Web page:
In the present study, the expression and prognostic value of HJURP was detected in ovarian cancer. Besides, the function of HJURP in proliferation and metastasis was explored in ovarian cancer both in vitro and in vivo. Enrichment analysis based on NGS displayed WEE1 was down-regulated by silencing HJURP. Mechanism research revealed that HJURP could regulate MYC/WEE1 axis and MYC was an upstream transcription factor of WEE1 promoter. Furthermore, we found that silencing HJURP could modulate cisplatin sensitivity of ovarian cancer via MYC/WEE1 axis. The function of HJURP in AZD1775 single agent or combinatory therapy was also detected. Our studies firstly illustrated the function of HJURP in malignant progression and cisplatin/AZD1775 sensitivity of ovarian cancer, indicating HJURP to be a potential target in combinatory therapeutic strategies.
All clinical specimens were obtained from specimen bank of Laboratory of Gynecologic Oncology, Qilu Hospital of Shandong University. Ovarian cancer tissues (n=156) for tissue microarrays (TMAs) were from primary surgical operations without prior neoadjuvant therapy during 2007-2013. Fallopian tube tissues were from patients undergoing salpingectomy because of benign diseases. TMAs were manufactured by professional technicians in our laboratory. The research was approved by the Ethics Committee of Shandong University. Written informed consents were received from all participants.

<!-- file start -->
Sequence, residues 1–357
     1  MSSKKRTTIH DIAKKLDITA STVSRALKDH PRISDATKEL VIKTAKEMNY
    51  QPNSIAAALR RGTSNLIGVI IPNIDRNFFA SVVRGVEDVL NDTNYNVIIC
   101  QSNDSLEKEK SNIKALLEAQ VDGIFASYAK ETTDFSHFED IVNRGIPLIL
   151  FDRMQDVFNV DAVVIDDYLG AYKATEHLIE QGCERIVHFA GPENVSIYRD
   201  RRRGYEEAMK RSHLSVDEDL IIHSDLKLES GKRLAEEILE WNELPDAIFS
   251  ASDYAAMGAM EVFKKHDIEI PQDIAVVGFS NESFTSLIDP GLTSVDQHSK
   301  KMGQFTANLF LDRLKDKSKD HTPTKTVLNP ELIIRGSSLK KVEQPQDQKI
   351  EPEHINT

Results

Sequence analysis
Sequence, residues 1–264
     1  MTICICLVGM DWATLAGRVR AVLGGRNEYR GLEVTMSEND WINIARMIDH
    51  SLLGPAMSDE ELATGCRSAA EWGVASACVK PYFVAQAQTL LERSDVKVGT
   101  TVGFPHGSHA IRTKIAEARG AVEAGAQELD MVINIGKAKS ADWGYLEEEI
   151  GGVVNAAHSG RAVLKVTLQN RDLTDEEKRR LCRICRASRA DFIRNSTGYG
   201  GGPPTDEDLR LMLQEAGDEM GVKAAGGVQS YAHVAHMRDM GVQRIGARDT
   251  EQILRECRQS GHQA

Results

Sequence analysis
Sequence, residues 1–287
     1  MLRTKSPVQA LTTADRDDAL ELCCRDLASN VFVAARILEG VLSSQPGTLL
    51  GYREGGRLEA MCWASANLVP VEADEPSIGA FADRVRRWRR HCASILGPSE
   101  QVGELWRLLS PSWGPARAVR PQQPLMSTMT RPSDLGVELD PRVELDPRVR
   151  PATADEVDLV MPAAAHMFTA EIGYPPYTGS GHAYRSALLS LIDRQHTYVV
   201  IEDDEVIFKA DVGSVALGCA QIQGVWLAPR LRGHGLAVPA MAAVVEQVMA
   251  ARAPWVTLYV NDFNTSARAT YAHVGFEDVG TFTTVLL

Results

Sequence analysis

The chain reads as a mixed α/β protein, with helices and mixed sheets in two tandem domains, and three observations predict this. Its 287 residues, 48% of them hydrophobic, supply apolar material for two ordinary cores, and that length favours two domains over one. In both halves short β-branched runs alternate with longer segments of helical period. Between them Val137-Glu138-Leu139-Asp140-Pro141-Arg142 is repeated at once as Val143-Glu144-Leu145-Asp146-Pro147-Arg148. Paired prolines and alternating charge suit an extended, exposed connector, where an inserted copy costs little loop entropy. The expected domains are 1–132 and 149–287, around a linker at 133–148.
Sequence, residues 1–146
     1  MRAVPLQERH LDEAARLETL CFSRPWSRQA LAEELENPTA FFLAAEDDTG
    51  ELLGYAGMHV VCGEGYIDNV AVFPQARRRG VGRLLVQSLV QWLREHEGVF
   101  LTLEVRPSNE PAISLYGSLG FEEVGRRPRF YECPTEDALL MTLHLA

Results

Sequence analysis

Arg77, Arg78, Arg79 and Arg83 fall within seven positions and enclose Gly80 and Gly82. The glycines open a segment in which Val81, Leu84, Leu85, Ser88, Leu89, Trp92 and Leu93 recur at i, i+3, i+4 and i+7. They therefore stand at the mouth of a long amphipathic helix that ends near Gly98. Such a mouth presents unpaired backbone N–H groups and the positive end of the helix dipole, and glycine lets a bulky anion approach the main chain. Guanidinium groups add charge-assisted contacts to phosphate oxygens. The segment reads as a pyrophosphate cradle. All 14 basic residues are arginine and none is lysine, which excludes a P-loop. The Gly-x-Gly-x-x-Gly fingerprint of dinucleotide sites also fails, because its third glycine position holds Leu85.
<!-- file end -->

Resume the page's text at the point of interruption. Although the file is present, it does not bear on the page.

Samples were smashed in TRIzol reagent for total RNA extraction. Sequencing libraries generation and high-throughput RNA-sequence experiments were conducted by Novogene(Beijing, China). Libraries were generated using NEBNext® UltraTM RNA Library Prep Kit for Illumina® (NEB, USA). The clustering of libraries was performed on Illumina sequencing following manufacturer's instructions. Raw data were transformed to reads using CASAVA. Clean reads were aligned to reference genome using Hisat2v2.0.5. Reads' number counting and FPKM calculation was accomplished using featureCounts v1.5.0-p3. Differential expression analysis was performed using the DESeq2 R package (1.16.1). All RNA sequence data had been uploaded to GEO database. Series record was GSE190688 for high-grade serous ovarian cancer and fallopian tube. Series record was GSE190568 for RNA sequencing data of SKOV3 cell line with or without HJURP silencing.
Slides with ovarian cancer tissues were sectioned from paraffin-embedded TMAs. All slides received heat mediated Tris/EDTA buffer (pH 8.0) antigen retrieval and were incubated with primary antibody at 4°C overnight. DAB (ZSGB-BIO, China) detection system was conducted, and nucleus was stained by haematoxylin. The staining scores of every case were determined by range and intensity. Detailed procedure of scoring was described in previous study. Scoring work was completed by two professional pathologists independently. Less than 4 was defined low expression, and more than or equal to 5 was high expression.